Negative emotions such as anger, sadness, despair, fear, shame, anxiety and disgust have inspired many art works, great literature, music, plays, inventions and even philosophical ideas and theories about life. Negative emotions are normal and basic human emotions that have adaptive and survival functions. Some functions are more researched and known than others, but generally their presence signals us to flee from danger, fight for survival and to avoid emotional, physical and psychological threat and/or discomfort. Our society is in constant pursuit of happiness. The experiencing of negative emotions is therefore often perceived as threatening, bad, scary, an undesirable state that needs to end and is often also masked from others. Positive and negative emotions are like waves. They come and change in frequency, duration and intensity all the time and we all have them. When the frequency, duration and intensity is high and severe to the point that it hinders, impairs and/or stops normal emotional, cognitive, social, behavioural, psychological and physical functioning then it becomes a pathology that needs to be treated.
We often focus on the impact of emotions on our lives but we rarely ponder about what the negative emotions are telling us or if the specific emotion also has positive aspects that can help and teach us something about ourselves, others or the world. Recent research offers interesting and new perspectives on mild negative emotions. Research finding demonstrate that the presence of mild and temporary negative emotions have benefits that supersede the way in which happy people think, function and communicate. The following paragraphs will name a few of those benefits.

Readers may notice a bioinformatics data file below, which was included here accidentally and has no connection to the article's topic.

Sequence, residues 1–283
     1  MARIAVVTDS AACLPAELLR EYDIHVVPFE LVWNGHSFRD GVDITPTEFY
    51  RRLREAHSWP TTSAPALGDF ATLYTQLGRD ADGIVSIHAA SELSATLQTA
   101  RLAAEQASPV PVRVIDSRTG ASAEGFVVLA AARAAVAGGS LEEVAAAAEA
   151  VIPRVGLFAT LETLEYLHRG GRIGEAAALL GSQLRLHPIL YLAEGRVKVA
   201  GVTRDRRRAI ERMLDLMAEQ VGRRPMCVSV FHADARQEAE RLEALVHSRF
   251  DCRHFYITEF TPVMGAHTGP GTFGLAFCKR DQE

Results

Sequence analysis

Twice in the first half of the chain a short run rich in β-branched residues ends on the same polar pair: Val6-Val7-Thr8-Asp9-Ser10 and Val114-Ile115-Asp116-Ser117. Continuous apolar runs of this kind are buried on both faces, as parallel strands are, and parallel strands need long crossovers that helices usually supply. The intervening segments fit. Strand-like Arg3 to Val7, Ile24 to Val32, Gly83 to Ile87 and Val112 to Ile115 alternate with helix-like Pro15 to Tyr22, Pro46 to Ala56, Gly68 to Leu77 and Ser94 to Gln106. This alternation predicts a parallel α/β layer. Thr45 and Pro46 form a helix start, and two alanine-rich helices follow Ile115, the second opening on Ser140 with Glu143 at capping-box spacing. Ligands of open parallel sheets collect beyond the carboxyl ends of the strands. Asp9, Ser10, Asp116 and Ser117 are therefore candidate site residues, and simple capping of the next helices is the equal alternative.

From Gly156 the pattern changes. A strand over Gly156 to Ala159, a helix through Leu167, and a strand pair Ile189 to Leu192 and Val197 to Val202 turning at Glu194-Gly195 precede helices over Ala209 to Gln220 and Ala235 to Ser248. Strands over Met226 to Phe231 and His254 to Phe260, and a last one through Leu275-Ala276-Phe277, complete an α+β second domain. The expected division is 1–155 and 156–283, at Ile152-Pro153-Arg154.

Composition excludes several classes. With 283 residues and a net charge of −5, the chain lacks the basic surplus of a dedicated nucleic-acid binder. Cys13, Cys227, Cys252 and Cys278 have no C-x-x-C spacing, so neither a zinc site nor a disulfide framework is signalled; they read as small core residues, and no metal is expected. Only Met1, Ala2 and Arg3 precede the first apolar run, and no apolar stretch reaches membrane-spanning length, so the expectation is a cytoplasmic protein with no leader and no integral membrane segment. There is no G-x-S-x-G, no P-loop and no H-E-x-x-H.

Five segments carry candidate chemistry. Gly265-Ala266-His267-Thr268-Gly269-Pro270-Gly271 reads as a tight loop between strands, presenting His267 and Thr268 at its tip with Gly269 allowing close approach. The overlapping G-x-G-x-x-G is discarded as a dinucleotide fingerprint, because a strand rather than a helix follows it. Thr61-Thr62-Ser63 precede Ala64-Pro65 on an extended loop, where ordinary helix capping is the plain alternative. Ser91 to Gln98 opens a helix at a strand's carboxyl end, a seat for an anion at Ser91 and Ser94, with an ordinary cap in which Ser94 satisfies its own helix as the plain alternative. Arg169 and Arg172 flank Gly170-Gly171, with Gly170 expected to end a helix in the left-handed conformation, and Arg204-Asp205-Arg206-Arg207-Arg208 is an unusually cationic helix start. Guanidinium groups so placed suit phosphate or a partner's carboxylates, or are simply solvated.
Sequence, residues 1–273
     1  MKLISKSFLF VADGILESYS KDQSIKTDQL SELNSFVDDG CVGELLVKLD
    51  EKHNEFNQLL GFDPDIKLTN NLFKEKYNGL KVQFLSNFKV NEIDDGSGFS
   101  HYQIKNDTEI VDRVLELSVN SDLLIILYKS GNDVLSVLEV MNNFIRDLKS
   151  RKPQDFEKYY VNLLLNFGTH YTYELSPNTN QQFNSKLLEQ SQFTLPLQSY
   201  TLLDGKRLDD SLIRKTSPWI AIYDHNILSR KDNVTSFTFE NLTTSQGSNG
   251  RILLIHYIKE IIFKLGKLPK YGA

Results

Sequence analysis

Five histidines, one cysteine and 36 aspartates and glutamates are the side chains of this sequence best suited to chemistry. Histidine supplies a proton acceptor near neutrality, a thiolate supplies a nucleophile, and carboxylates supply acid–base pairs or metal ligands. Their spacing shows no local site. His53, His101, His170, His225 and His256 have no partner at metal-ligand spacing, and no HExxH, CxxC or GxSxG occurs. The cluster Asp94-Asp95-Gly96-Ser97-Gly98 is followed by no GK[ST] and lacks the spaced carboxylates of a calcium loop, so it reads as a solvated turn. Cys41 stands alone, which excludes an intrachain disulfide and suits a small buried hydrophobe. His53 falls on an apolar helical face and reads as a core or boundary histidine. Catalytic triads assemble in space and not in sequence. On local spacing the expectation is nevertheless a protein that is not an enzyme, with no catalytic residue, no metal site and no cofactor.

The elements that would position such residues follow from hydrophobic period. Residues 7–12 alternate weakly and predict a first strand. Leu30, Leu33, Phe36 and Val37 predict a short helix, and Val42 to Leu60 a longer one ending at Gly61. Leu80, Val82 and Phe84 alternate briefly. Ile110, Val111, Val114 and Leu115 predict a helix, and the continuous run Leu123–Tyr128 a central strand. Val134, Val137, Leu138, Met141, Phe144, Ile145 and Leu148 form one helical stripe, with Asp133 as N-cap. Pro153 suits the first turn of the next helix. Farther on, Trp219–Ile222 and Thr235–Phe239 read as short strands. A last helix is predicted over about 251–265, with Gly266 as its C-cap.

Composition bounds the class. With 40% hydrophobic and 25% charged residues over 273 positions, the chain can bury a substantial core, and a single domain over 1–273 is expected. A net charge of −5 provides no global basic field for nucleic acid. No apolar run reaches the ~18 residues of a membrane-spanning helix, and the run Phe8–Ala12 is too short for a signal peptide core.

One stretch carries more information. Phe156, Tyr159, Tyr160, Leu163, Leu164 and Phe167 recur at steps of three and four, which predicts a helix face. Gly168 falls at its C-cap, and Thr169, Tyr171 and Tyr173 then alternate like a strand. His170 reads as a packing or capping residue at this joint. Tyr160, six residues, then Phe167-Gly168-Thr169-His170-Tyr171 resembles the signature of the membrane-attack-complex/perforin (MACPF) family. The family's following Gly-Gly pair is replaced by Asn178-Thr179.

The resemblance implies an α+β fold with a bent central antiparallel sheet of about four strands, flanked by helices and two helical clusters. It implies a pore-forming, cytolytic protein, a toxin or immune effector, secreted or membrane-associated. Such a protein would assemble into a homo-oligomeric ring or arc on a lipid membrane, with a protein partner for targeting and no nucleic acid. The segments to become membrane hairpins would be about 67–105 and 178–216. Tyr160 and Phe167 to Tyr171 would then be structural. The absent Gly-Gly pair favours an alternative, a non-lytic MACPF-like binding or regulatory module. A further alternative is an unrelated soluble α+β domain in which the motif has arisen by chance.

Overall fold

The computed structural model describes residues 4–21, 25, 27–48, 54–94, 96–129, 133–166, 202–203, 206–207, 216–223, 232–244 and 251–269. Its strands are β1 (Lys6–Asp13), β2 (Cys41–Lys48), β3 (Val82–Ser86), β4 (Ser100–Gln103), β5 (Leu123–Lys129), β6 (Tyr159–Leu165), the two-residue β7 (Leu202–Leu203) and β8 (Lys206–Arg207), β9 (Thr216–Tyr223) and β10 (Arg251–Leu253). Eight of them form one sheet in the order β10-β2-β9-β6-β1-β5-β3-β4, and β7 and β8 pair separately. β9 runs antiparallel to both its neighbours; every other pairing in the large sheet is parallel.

Sadness functions as a warning signal that ignites focus, attention and effort to protect, cope, prevent and change the negative affective state. Negative emotions boost the value assigned to the expected benefits of goal achievement. When the desirable emotional state is highly valued and perceived as needed, there will be more incentive and motivation to act and achieve a change of emotional state. Mild negative emotions generate more behaviour to create a change than positive emotions, which also enhances the effort to work harder, increases the desire to enjoy the potential fruits of success and the level of determination.
Interpretation of social contexts, others and their behaviour is coloured by the selective retrieval of memories associated with the same affect and the way in which the information is being processed. The alertness and vigilance associated with mild negative emotions turns the focus of attention and concentration of the individual externally towards scanning and processing the new and situational information from the environment. This improves memory of details. The enhanced focus on details and the analysis of new data results in a more concrete and factual thinking style, which makes individuals with negative emotions better in building more persuasive verbal arguments, persuading others and creating more effective change in other’s attitudes. Mild negative emotions appear to increase persuasive abilities more than positive emotions. It implies improved communication abilities and it also helps to better manage personal relationships.